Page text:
Going back to Tolkien’s texts (finally, right?), I can actually back up (sort of) my claim that the scent of flowers is not the scent of purity. In the Spring of Arda, the purest state of being known in Tolkien’s legendarium, there were no flowers:
As yet no flower had bloomed nor any bird had sung, for these things waited still their time in the bosom of Yavanna …
(The Silmarillion, p. 35)
And there’s more. There’s actually a hint in The Lord of the Rings that the Undying Lands still have this smell of purity, unadulterated by even the sweet scent of flowers. I come back now to Éowyn’s recovery in the Houses of Healing. Despite the fact that fragrant athelas is the remedy for her sickness, that is not the ultimate olfactory descriptor of the event:
Then, whether Aragorn had indeed some forgotten power of Westernesse, or whether it was but his words of the Lady Éowyn that wrought on them, as the sweet influence of the herb stole about the chamber it seemed to those who stood by that a keen wind blew through the window, and it bore no scent, but was an air wholly fresh and clean and young, as if it had not before been breathed by any living thing and came new-made from snowy mountains high beneath a dome of stars, or from shores of silver far away washed by seas of foam.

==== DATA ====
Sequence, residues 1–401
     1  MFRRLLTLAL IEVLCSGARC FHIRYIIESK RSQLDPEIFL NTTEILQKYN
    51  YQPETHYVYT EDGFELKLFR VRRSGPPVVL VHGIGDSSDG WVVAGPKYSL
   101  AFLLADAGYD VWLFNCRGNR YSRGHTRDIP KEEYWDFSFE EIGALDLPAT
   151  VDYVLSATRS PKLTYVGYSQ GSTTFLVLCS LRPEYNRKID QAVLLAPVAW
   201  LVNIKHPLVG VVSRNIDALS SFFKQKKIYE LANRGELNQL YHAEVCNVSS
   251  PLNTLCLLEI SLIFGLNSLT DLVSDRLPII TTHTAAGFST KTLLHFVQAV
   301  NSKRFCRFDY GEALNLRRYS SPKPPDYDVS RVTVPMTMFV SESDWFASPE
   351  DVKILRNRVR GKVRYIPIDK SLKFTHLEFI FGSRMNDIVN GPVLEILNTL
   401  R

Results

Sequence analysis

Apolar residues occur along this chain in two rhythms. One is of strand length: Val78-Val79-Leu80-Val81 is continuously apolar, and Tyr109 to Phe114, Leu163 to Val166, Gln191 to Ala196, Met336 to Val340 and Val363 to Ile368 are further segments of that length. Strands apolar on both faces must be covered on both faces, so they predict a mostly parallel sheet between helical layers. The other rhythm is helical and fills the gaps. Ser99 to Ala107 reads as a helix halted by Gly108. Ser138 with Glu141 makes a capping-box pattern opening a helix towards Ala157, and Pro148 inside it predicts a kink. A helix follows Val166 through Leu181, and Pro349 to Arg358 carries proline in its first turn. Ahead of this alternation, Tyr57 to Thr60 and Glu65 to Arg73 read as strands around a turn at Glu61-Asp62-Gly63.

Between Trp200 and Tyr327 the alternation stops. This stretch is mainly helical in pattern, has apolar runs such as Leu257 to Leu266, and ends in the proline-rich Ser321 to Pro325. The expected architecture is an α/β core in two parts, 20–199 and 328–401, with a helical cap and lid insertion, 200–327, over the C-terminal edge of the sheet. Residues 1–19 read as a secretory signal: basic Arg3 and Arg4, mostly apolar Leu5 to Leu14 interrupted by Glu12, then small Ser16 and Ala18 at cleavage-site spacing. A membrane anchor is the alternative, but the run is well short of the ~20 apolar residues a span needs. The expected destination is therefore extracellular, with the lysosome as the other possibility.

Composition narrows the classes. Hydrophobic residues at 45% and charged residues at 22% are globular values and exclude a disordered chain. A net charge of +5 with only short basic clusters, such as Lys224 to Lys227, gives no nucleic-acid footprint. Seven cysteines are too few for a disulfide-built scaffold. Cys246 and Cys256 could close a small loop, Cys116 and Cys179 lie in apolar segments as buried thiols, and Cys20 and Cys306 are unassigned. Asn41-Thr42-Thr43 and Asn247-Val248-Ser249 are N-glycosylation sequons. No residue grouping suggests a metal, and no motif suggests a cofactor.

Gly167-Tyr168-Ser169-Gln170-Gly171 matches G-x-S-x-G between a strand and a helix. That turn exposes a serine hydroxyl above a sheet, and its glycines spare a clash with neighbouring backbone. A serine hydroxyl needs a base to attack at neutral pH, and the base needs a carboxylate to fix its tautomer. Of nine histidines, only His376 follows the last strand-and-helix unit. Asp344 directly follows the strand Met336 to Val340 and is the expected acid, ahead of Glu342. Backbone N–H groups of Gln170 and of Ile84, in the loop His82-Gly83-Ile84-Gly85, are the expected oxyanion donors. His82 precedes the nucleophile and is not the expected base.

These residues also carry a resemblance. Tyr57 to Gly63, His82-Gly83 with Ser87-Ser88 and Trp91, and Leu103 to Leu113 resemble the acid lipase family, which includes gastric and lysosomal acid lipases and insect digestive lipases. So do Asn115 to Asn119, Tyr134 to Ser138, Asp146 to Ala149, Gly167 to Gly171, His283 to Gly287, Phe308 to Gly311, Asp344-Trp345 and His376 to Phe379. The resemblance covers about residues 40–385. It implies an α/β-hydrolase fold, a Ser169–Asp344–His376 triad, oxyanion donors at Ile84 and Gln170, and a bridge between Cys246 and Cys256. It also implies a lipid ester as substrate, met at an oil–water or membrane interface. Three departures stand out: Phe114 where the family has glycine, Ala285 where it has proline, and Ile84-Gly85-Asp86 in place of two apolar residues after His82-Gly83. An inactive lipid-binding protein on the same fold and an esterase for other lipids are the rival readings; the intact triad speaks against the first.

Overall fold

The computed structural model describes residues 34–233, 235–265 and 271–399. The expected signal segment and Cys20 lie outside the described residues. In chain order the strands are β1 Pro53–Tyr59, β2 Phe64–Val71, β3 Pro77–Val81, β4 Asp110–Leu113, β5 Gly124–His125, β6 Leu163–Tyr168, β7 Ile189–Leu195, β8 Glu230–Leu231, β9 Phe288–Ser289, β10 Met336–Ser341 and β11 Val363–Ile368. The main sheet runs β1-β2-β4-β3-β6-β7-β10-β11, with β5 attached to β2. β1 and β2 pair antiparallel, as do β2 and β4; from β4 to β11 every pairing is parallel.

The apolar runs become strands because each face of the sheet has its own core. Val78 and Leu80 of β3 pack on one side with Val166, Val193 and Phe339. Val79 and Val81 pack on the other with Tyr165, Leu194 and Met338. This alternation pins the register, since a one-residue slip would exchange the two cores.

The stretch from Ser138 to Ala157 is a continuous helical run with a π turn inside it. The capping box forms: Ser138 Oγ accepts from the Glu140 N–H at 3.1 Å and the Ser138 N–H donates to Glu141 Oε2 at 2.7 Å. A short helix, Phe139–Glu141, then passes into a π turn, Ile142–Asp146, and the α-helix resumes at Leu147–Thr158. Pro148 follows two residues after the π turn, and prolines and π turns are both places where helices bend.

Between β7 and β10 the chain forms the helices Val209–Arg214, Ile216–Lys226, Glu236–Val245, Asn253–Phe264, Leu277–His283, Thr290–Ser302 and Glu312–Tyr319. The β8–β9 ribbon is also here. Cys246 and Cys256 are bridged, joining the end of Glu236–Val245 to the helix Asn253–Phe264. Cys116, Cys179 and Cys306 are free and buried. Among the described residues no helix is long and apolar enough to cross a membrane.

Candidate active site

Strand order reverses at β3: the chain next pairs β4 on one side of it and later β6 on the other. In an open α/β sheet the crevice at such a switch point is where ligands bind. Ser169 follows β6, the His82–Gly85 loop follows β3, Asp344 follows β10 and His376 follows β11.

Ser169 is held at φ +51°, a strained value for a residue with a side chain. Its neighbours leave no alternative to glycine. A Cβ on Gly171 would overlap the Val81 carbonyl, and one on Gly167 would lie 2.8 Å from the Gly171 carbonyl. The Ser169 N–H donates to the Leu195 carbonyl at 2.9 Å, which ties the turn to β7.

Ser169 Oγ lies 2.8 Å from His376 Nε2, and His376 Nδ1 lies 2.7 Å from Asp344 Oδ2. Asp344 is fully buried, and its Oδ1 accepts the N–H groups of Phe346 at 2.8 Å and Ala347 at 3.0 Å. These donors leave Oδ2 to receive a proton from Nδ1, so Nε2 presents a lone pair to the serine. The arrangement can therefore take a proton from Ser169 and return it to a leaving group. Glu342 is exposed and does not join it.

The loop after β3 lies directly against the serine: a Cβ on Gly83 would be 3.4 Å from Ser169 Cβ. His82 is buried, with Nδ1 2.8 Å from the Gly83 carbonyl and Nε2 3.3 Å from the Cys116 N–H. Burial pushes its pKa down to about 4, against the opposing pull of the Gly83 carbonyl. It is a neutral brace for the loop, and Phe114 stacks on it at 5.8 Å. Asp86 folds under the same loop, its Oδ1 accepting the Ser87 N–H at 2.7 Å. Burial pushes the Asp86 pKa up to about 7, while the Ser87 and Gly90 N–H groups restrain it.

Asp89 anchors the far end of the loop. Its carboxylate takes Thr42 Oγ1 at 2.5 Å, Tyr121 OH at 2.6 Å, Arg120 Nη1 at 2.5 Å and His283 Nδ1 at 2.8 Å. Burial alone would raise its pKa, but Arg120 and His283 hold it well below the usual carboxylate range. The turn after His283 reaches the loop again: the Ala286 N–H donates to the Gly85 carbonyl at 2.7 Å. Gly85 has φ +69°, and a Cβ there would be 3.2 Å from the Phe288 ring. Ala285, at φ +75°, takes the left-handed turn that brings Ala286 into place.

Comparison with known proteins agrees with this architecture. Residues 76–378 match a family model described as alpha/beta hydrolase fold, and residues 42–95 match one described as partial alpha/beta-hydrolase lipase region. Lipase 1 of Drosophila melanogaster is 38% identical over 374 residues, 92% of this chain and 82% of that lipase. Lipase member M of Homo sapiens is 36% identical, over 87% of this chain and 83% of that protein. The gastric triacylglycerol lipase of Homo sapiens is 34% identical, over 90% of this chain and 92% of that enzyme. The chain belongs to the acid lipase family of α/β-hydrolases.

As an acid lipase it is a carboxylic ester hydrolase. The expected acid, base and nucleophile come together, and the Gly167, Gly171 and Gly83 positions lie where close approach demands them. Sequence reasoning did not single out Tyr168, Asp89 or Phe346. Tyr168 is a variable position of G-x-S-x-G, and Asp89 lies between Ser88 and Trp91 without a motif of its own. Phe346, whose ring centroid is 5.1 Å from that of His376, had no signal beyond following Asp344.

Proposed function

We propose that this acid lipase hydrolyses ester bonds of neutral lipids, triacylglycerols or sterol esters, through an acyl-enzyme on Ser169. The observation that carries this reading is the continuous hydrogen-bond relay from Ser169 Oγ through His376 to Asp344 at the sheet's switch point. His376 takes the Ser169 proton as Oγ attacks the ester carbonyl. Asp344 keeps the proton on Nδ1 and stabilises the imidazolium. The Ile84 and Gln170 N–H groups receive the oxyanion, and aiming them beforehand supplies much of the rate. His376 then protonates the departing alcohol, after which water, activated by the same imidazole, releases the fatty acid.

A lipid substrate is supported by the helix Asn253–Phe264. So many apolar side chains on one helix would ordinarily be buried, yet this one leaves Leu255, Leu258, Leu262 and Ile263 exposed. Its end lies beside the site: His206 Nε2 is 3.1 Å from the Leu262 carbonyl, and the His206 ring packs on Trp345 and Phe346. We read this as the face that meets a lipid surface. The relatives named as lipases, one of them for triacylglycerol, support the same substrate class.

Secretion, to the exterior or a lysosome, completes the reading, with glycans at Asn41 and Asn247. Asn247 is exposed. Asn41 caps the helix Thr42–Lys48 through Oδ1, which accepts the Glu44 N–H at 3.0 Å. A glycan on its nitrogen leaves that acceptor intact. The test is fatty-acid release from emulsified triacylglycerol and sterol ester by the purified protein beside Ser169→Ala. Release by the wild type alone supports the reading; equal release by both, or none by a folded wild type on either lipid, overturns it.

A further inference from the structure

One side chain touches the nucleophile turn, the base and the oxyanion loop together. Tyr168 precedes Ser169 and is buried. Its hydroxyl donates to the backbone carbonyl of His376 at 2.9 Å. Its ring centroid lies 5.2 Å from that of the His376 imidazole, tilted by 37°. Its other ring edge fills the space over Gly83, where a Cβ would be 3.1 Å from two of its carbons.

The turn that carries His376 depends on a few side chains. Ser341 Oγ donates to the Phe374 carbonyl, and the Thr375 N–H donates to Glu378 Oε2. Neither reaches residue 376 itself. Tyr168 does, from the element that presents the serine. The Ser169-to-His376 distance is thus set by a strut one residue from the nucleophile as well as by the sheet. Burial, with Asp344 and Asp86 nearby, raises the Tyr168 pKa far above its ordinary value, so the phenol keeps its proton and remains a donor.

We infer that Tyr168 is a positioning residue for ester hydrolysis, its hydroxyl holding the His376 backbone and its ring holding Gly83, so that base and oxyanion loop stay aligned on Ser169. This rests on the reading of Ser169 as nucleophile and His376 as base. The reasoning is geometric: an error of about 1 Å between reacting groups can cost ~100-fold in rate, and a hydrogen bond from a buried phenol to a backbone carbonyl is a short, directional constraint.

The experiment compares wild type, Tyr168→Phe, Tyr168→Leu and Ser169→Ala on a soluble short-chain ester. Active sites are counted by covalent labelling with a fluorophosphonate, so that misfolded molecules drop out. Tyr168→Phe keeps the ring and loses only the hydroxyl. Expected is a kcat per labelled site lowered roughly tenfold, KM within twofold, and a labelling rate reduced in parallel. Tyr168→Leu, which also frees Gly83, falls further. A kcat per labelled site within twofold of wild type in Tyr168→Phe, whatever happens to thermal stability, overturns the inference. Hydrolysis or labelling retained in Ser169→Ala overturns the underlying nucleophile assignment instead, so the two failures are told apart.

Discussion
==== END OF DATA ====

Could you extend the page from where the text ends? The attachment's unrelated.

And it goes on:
(The Return of the King, pp. 849-50)
Éowyn seems to be healed of her sickness and her despair by this clean air devoid of any scent. And if the references to “snowy mountains high,” “a dome of stars,” and “shores of silver” with “seas of foam” make you think of Taniquetil and the shores of Aman, then you must be reading Tolkien.
There is, of course, nothing to explicitly connect this scent of purity with Elves, at least not the Elves of the Hither Lands. But as beings made effectively immortal by their nature and yet “made of the flesh or substance of Arda itself” (Morgoth’s Ring, p. 218), but intended by their Creator not to die or decay, is it so hard to believe that the smell of Elves might not be so much a matter of what they smell like, but what they don’t smell like? That creatures so obsessed with preserving the past might actually smell like something out of the past? Younger? Cleaner? Fresher than anything in the world we know?
Of course we’ll never know for sure. This is all pure speculation. Absurd? Quite. Indulgent? Absolutely. “Pretty fair nonsense I daresay you think it,” like the song of the very Elves whose mysterious smell started me down this road. (The Hobbit, p. 46) I’d love to think that this whole journey has given you a few laughs like it has me, like those good people in their trees. But even if you’re grumbling like a Dwarf, thinking me foolish, I’ll take it.
O! Tra-la-la-lally … and a Happy Easter to you and yours from the Prancing Pony Podcast.